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Figure.
Numbers of Case Patients With Measles Stratified by Rash Onset Date and Neighborhood of Brooklyn, New York, Between March 13 and June 30, 2013
Numbers of Case Patients With Measles Stratified by Rash Onset Date and Neighborhood of Brooklyn, New York, Between March 13 and June 30, 2013

The 58 case patients included 1 asymptomatic infant born with measles infection. The date of birth was used as a proxy for onset date in this infant because there was no rash.

Table 1.  
Measles Outbreak Activities by Category, Brooklyn, New York, March 13 to June 30, 2013
Measles Outbreak Activities by Category, Brooklyn, New York, March 13 to June 30, 2013
Table 2.  
Hours Worked by Outbreak Response Category, Brooklyn, New York, March 13 to June 30, 2013
Hours Worked by Outbreak Response Category, Brooklyn, New York, March 13 to June 30, 2013
Table 3.  
Estimated Direct Costs Incurred During Measles Outbreak, Brooklyn, New York, March 13 to June 30, 2013
Estimated Direct Costs Incurred During Measles Outbreak, Brooklyn, New York, March 13 to June 30, 2013
1.
McLean  HQ, Fiebelkorn  AP, Temte  JL, Wallace  GS; Centers for Disease Control and Prevention.  Prevention of measles, rubella, congenital rubella syndrome, and mumps, 2013: summary recommendations of the Advisory Committee on Immunization Practices (ACIP).  MMWR Recomm Rep. 2013;62(RR-04):1-34.PubMedGoogle Scholar
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Katz  SL, Hinman  AR.  Summary and conclusions: measles elimination meeting, 16-17 March 2000.  J Infect Dis. 2004;189(suppl 1):S43-S47. doi:10.1086/377696PubMedGoogle ScholarCrossref
3.
Hill  HA, Elam-Evans  LD, Yankey  D, Singleton  JA, Dietz  V; CDC.  Vaccination coverage among children aged 19-35 months—United States, 2015.  MMWR Morb Mortal Wkly Rep. 2016;65(39):1065-1071. doi:10.15585/mmwr.mm6539a4PubMedGoogle ScholarCrossref
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Centers for Disease Control and Prevention (CDC).  Measles—United States, January 1-August 24, 2013.  MMWR Morb Mortal Wkly Rep. 2013;62(36):741-743.PubMedGoogle Scholar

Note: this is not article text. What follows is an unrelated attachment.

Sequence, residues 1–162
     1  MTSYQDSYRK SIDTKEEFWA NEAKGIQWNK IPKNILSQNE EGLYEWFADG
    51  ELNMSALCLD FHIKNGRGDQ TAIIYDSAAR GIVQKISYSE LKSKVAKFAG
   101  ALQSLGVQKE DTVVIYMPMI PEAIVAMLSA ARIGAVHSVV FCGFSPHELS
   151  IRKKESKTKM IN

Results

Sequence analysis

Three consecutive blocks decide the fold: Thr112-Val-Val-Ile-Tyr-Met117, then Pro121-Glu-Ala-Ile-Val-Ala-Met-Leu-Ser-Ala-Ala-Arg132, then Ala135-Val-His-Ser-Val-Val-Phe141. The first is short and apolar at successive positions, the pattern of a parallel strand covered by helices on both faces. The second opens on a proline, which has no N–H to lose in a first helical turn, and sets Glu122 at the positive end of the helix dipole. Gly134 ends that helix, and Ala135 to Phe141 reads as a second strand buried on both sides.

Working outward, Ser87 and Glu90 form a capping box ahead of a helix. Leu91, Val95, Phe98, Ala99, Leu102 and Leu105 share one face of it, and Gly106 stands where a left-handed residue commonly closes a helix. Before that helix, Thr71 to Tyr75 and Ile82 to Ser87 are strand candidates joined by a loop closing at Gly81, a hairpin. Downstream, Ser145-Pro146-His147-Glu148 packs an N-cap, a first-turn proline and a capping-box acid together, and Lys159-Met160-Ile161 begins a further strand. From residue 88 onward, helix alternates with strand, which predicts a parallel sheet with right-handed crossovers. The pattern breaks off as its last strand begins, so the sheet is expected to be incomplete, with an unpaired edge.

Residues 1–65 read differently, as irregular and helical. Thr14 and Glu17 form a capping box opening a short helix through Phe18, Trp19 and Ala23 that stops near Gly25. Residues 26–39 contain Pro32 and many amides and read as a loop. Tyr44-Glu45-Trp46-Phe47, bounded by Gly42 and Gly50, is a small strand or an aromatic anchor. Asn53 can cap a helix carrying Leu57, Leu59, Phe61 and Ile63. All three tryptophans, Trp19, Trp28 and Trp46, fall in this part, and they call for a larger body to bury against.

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New York City Health Code §11.03; reportable diseases and conditions. http://www1.nyc.gov/assets/doh/downloads/pdf/about/healthcode/health-code-article11.pdf. Accessed June 29, 2017.
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New York City Health Code §13.03; laboratories. http://www1.nyc.gov/assets/doh/downloads/pdf/about/healthcode/health-code-article13.pdf. Accessed June 29, 2017
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New York State Public Health Law Section 2102 of Article 21, Title 1, Communicable diseases; laboratory reports and records. http://public.leginfo.state.ny.us/lawssrch.cgi?NVLWO. Accessed July 7, 2017.
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New York City Department of Health and Mental Hygiene. Reporting diseases and conditions. http://www1.nyc.gov/site/doh/providers/reporting-and-services/notifiable-diseases-and-conditions-reporting-central.page. Accessed July 7, 2015.
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Council of State and Territorial Epidemiologists. CSTE position statement: measles/rubeola 2013 case definition. https://wwwn.cdc.gov/nndss/conditions/measles/case-definition/2013/. Accessed July 7, 2017.
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Biomérieux. http://www.biomerieux-usa.com. Accessed July 6, 2017.
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Hummel  KB, Lowe  L, Bellini  WJ, Rota  PA.  Development of quantitative gene-specific real-time RT-PCR assays for the detection of measles virus in clinical specimens.  J Virol Methods. 2006;132(1-2):166-173. doi:10.1016/j.jviromet.2005.10.006PubMedGoogle ScholarCrossref
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Rota  PA, Brown  K, Mankertz  A,  et al.  Global distribution of measles genotypes and measles molecular epidemiology.  J Infect Dis. 2011;204(suppl 1):S514-S523. doi:10.1093/infdis/jir118PubMedGoogle ScholarCrossref
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Rota  PA, Brown  KE, Hübschen  JM,  et al.  Improving global virologic surveillance for measles and rubella.  J Infect Dis. 2011;204(suppl 1):S506-S513. doi:10.1093/infdis/jir117PubMedGoogle ScholarCrossref
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World Health Organization.  Measles virus nomenclature update: 2012.  Wkly Epidemiol Rec. 2012;87(9):73-81.PubMedGoogle Scholar
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Moss  WJ, Griffin  DE.  Measles.  Lancet. 2012;379(9811):153-164. doi:10.1016/S0140-6736(10)62352-5PubMedGoogle ScholarCrossref